The Ungood Ukulele Player – Just Browsing

Same shirt, different pants! Here’s another tune I came up with a while ago; the title I came up with today.


Thai died

Last night I returned to kickboxing after a good two years off. I say “a good two years” only because that is the common phrase. In fact, it was not a good two years off. It was two years of significantly decreased physical activity and significantly increased midriff. It was two years of me finally starting to feel like I’m getting old. Now that my Monday nights are open again, I have signed up and I am going to try to get back into it. After last night, it seems that I will have a lot of work to do.

I was good to see some familiar faces; faces of individuals that have been able to keep up the commitment. I was hesitant to start, but I soon got back into the groove. To my delight, my technique still seems to be there, but, alas, my cardio and strength have taken a hit. This was most evident when we did our Olympic 5 at the end of class. The Olympic 5 is a series of one minute sets of calisthenics, one after another – abdominals, push-ups, jumping jacks with a jumping knee tuck in the middle, burpies (thrust jumps), and mountain climbers. I was doing alright with the abs, but when we switched to push-ups I could barely lower myself halfway down; I was becoming upset. As we moved onto jumping jacks my will to continue was ebbing away at a quickening pace, but I had to push on, so I only did the knee tucks for every third or fourth jump. Burpies was a demonstration of desperation. I did alright hitting the deck and thrusting my legs out, but when I had to tuck in and jump up, I’m sure I resembled a zombie in a mosh pit – arms limp, head rolled to one side, the very slightest of lift produced by legs that had ceased to work properly, and a soulless groan to complete the picture. Finally, mountain climbers. Up to this point I had been becoming increasingly disappointed, but I was encouraged to find that I was still able to get my knees past my elbows easily. However, that is where the joy ended as it seemed that the particular mountain I was climbing was covered in thigh-deep powder with a nasty wind putting up resistance. I must have also been climbing at quite an altitude, too, because I found myself quite laboured in my breathing as I frantically looked about for my oxygen tank, which was not to be found seeing how I was not on an actual mountain, but rather threatening to set the wood floor on fire by the sheer heat of my burning quads.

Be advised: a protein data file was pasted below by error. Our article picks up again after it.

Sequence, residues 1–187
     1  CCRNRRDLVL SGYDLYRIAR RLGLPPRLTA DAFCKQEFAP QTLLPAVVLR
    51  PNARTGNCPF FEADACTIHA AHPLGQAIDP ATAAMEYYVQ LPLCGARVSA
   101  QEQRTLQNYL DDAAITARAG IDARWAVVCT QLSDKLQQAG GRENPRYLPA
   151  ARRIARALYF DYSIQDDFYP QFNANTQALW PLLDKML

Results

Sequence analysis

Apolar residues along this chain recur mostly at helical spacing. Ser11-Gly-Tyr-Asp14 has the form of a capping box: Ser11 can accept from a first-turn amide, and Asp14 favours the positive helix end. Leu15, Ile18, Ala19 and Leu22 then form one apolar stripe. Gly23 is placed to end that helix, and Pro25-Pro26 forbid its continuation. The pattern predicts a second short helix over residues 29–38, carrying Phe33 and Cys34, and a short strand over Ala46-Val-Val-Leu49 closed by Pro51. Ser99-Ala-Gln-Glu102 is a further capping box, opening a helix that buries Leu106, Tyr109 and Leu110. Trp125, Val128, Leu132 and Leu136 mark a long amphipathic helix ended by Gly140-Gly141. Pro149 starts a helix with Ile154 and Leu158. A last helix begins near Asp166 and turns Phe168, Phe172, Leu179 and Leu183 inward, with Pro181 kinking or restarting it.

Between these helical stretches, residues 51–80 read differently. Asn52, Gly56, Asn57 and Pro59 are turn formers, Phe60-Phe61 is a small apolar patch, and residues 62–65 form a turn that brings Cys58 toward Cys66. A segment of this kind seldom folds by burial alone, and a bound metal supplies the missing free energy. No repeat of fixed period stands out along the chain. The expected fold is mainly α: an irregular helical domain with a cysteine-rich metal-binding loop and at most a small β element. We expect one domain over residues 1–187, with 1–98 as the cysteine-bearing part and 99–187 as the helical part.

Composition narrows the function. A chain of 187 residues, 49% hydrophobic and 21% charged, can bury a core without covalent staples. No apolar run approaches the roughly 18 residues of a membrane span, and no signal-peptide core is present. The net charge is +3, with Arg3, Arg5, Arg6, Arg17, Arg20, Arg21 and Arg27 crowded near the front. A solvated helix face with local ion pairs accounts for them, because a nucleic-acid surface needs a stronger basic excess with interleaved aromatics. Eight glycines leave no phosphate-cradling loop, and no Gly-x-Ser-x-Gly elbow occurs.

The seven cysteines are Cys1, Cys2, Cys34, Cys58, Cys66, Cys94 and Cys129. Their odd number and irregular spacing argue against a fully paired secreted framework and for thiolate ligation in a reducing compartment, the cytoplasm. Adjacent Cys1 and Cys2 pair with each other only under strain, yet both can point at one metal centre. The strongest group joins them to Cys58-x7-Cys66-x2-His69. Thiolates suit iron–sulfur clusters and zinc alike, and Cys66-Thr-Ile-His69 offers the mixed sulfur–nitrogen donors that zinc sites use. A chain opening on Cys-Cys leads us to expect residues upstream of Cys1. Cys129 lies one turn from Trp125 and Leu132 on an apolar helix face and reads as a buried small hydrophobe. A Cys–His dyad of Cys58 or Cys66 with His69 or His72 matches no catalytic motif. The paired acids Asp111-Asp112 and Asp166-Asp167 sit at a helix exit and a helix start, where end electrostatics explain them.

Much like my recent runs, my first day back at kickboxing had me feeling like a beginner all over again; which, like my running, is frustrating as all hell. It takes me a long time to get to a point where I feel comfortable doing an activity; sometimes I never make it to that place, so having to go through this process again, blarg! Once again, it’s not just the physical discomfort, it’s the mental discomfort. The physical pain I can live with. In fact, I used to relish the feeling of next-day soreness; it meant that I was continuing to challenge my body. It’s the knowledge that I’ve let myself go that stings in a way that physical pain can’t match.

Confessions of a recovering runner: Suck it!

I just came back from a run at lunch and I fell like shite. Yes, yes. I feel pretty good about getting out, making the effort, calling upon my willpower, et cetera, et cetera; but that’s where it ends.

I had done next to no running in the past couple of months, and hardly any running the months prior to that. As a result my feet were sore, my calves were tight, my quads were jelly, and my breathing was strained. Oh, sure, I started out alright, but it wasn’t long until I started shuffling my feet and sucking wind. It’s not just the physical discomfort, but also the mental discomfort of knowing that I had let myself deteriorate to a point where something which I had been doing on a regular basis now makes me feel like I’m starting all over. I can only imagine what I’ll feel like when I start up with Muay Thai after being away for, what’s it been, two years? More? Oh, joy.

I am out of shape. I can feel it. I can see it. I am going to change it; but it’s going to take some time.